Pitkin County ponders testing alert system | AspenTimes.com

Pitkin County ponders testing alert system

Janet Urquhart
The Aspen Times
Aspen, CO, Colorado

ASPEN – Emergency responders and Pitkin County commissioners are calling for a test of the reverse 911 emergency notification system given the escalating fire danger this spring and problems that arose during a fast-moving wildfire on the Front Range last month.

Commissioners quizzed Mark Gamrat, the county’s communications director, on the reliability of the system Wednesday. Meanwhile, area fire chiefs suggested a test of the system during a wildfire-preparedness meeting that also took place Wednesday, according to Tom Grady, emergency manager for Pitkin County.

Grady anticipates the Communications Board, a multi-agency group that includes ambulance and fire districts and police departments, will make a similar request when it meets Thursday.

County Commissioner Rachel Richards asked Gamrat if a test run of the system is possible. At about 25 cents per call, for some 18,500 land-based phone lines in the county, it would be an expensive proposition to test every phone number, Gamrat said.

How best to verify that people who were supposed to get a call actually did also raised questions.

“I don’t know how we would advertise – if you didn’t receive one of these messages on your answering machine, please call us,” Richards said.

Rather than an all-county test, a smaller geographic area would be chosen to receive calls, Grady said. The system sends out an automated message in the event of an emergency. For a test, recipients would receive a test message rather than an actual warning, he said.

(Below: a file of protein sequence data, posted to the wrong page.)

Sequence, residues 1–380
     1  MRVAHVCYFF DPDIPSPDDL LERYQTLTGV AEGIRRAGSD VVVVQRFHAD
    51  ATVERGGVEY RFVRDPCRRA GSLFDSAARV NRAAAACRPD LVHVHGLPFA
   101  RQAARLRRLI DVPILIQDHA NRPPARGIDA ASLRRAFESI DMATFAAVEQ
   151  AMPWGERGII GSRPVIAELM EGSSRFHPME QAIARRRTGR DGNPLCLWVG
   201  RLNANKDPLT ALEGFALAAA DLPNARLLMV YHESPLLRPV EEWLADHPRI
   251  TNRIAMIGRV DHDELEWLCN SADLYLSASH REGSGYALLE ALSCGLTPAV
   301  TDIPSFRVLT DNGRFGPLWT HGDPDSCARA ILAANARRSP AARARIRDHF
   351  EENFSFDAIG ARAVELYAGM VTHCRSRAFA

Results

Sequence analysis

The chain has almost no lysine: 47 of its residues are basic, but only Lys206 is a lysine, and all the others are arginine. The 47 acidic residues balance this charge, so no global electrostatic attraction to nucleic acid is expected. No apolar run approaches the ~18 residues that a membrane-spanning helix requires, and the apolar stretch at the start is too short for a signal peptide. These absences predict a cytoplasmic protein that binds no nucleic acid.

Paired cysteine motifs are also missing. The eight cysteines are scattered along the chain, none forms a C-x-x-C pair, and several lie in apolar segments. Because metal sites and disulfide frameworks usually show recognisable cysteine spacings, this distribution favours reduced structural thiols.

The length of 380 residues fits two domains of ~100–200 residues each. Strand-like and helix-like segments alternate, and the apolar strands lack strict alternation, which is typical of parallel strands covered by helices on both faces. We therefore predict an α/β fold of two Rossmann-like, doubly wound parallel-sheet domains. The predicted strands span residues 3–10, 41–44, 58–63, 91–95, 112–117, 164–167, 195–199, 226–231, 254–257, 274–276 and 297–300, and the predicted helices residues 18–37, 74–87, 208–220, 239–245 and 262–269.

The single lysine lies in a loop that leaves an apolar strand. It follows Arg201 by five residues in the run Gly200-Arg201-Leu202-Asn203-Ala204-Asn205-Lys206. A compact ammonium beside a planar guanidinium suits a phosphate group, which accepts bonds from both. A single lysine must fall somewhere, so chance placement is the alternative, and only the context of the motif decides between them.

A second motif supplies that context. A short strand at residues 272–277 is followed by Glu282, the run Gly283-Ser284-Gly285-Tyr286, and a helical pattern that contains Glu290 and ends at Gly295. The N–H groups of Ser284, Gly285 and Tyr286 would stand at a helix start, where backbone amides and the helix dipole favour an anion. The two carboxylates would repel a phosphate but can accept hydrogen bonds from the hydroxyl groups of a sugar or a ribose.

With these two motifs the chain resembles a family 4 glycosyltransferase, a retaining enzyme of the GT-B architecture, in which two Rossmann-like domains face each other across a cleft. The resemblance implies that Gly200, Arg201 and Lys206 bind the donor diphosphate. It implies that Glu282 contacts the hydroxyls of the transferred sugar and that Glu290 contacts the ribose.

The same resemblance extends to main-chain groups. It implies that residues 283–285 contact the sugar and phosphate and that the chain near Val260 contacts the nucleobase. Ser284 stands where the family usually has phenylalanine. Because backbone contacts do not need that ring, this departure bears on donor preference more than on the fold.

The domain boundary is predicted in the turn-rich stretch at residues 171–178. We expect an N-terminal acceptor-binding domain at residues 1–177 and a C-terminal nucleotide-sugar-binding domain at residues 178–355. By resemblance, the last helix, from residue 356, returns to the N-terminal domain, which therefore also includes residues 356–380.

When a March 26 wildfire scorched about 6 square miles and damaged or destroyed more than two dozen homes in the mountains southwest of Denver, some residents complained that they received no warning call. Three people died during the fire, though the Jefferson County coroner hasn’t announced the cause of their deaths. One victim apparently didn’t receive a phone call telling her to evacuate because her address wasn’t correctly listed, according to an Associated Press report. In addition, the first wave of warning calls went to a number of people outside of the evacuation area, the AP reported.

The reverse call system offers no guarantees, Gamrat told commissioners.

On the Front Range, a Jefferson County sheriff’s spokesman said some of the individuals who didn’t receive a warning likely hung up after hearing the pause that precedes the automated message, or their phone may have been busy.

“It’s just not 100 percent accurate,” Gamrat said after his discussion with commissioners. “There are too many variables in it. It’s unfortunate.”

Grady advises that residents be prepared to evacuate and do so when they think they should.

“My recommendation is for people to assume responsibility for their own self-rescue. Don’t wait for government,” he said. “When you feel it’s right, go.”

Nonetheless, local government employs several methods to warn citizens in the event of an emergency, according to Gamrat. The reverse 911 system is but one avenue.

Messages are also sent out for broadcast on television and radio, but whether the individual stations play the messages is up to them, he said.

In addition, citizens can sign up to receive alerts through the Pitkin Alert system, which sends updates in the form of emails, text messages to cell phones and pages to pagers. Go to http://www.pitkinalert.org to sign up. There’s no charge for the service.


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